To wrap up our week-long series on Charlie Weingroff’s brilliant new DVD set Training = Rehab, Rehab = Training, let’s jump right into some more content and how I’ve integrated some of Charlie’s teachings into our training programs at Endeavor.
Own the Movement
You’ll recall from Monday that there is an important distinction between movements and exercises. As a reminder, there are ranges of motion that your body should be able to move into under control (e.g. lumbar flexion), but that SHOULD NOT be included as exercises. I recognize this may seem counterintuitive; I went into a bit more detail in Monday’s post (Training = Rehab, Rehab = Training).
Charlie goes on to describe “owning a movement” as being able to maintain the correct posture/positioning at movement end-range while taking a full deep diaphragm-driven breath. In many cases, you’ll see someone pull back from the end range of the movement a bit as they take a deep breath, which can be indicative of a couple things:
With rare exception (e.g. a position where a forceful inhalation presses the belly out into an individuals thighs, causing a slight movement), it should be possible to breathe comfortably in end ranges without compensatory movement. Don’t just have it; own it!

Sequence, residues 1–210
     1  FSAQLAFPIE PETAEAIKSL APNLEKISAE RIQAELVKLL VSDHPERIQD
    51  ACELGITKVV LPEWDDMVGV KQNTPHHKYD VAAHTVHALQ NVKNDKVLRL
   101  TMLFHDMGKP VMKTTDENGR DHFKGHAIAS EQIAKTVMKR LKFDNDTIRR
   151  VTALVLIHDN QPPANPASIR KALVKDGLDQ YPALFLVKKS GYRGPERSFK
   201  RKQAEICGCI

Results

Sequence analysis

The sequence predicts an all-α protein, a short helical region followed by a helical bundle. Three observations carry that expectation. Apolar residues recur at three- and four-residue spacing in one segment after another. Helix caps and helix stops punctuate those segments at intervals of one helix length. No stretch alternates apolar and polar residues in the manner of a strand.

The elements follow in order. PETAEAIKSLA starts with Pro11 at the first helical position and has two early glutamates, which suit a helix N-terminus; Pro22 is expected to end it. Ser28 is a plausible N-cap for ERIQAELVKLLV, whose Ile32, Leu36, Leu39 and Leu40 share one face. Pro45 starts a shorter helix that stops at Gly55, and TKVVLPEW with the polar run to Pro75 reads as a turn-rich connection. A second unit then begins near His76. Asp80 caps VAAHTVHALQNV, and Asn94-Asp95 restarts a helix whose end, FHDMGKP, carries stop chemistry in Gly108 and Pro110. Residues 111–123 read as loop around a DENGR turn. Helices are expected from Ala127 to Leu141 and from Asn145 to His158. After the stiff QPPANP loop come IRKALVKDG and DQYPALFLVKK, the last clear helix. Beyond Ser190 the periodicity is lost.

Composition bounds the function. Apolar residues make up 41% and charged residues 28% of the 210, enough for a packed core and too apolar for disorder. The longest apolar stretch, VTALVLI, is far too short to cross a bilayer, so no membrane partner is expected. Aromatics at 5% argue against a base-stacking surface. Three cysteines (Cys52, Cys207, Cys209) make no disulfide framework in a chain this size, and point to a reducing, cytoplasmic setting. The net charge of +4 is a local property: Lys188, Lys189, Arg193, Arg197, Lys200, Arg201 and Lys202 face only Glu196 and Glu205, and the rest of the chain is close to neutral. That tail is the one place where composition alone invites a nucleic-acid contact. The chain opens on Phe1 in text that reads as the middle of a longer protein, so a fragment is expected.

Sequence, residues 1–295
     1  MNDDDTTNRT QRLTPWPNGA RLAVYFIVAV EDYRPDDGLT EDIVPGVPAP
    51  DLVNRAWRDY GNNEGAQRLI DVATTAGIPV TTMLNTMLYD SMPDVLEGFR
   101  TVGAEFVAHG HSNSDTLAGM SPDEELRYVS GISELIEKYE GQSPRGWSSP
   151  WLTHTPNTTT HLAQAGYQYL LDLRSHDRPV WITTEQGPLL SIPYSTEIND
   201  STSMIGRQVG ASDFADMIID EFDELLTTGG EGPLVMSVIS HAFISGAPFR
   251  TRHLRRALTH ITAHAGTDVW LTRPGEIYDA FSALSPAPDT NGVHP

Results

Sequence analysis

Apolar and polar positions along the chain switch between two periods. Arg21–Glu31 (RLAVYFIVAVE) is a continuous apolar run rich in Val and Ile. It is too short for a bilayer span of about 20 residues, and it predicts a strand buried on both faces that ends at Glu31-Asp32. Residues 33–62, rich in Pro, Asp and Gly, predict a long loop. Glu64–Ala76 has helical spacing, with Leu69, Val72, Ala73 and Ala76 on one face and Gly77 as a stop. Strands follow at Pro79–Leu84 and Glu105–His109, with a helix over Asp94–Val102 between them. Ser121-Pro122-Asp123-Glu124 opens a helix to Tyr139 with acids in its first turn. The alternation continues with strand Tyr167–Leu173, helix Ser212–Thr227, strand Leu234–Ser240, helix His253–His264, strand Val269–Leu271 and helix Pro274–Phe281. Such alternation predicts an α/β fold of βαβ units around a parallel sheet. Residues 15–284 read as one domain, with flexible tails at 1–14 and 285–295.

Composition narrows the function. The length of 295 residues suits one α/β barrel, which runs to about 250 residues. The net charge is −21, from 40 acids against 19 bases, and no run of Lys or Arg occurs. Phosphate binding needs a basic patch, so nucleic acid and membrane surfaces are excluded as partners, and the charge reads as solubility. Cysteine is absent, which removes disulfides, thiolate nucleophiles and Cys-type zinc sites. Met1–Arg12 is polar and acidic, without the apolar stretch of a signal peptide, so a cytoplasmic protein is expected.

High vs. Low Threshold Strategies
As a VERY brief neuroscience reminder, low and high threshold refer to the characteristics of motor units driving muscle contraction. Lower threshold units tend to produce less force, but be less fatiguable (better endurance), and higher threshold units tend to produce more force, but be more fatiguable. Depending on the primary role of a muscle (or muscle group), certain muscles will have a higher proportion of either lower or higher threshold motor units. As a result, simple movements like standing that only require minimal muscle contraction to maintain appropriate alignment can be controlled by “low threshold strategies.” In contrast, a max effort vertical jump or sprint would require a “high threshold strategy.”
Problems arise when we start to use high threshold strategies for movements and exercises that should only require low threshold strategies. This caused an “ah-ha” moment for me and will change the way I cue certain exercises at Endeavor. For example, a front plank shouldn’t be overly difficult. It’s inappropriate for someone performing a front plank to squeeze their butt and core as hard as they can while holding that position because it’s reinforcing using muscles groups that are primarily responsible for high force/power production for low force/power movements/exercises. Instead, the goal should be to set the athlete up in proper alignment, cue them to breathe using their diaphragm, and let them hold it using a more natural strategy.
In contrast, an exercise like a slideboard bodysaw may require a more high threshold strategy, and therefore cuing some of the larger prime movers is more appropriate.
Tuck your chin!
Endeavor Program Changes
In all, I took a little over 5 pages of notes while watching Training = Rehab, Rehab = Training. The DVDs gave me a lot of ideas, stimulated a lot of questions, and provided a number of other resources that I’ll need to look for to get some more information on different things Charlie talked about (or alluded to).